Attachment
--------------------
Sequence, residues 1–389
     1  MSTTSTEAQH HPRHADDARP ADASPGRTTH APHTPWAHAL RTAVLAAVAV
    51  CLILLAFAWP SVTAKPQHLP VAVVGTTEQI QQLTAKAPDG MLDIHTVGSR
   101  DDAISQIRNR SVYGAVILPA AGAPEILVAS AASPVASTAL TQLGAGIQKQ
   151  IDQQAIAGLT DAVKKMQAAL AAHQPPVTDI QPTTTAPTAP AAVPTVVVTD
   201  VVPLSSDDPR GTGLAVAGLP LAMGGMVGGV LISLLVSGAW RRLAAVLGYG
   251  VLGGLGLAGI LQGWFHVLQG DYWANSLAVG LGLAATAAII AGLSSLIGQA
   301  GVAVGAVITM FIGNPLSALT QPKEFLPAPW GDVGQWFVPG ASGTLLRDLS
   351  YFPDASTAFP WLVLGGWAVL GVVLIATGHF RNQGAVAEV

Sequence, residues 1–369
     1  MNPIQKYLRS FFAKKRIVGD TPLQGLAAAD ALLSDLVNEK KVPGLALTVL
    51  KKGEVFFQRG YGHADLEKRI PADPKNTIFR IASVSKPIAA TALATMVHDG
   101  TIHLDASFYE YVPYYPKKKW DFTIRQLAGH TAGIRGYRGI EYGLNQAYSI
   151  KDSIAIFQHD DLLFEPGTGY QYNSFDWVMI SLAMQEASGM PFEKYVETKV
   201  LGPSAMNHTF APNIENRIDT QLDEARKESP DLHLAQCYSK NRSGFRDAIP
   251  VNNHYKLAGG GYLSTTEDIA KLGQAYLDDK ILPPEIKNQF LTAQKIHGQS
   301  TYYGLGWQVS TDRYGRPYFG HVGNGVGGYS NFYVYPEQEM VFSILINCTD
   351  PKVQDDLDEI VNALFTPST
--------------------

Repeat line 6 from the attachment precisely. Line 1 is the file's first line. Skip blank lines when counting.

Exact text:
   201  VVPLSSDDPR GTGLAVAGLP LAMGGMVGGV LISLLVSGAW RRLAAVLGYG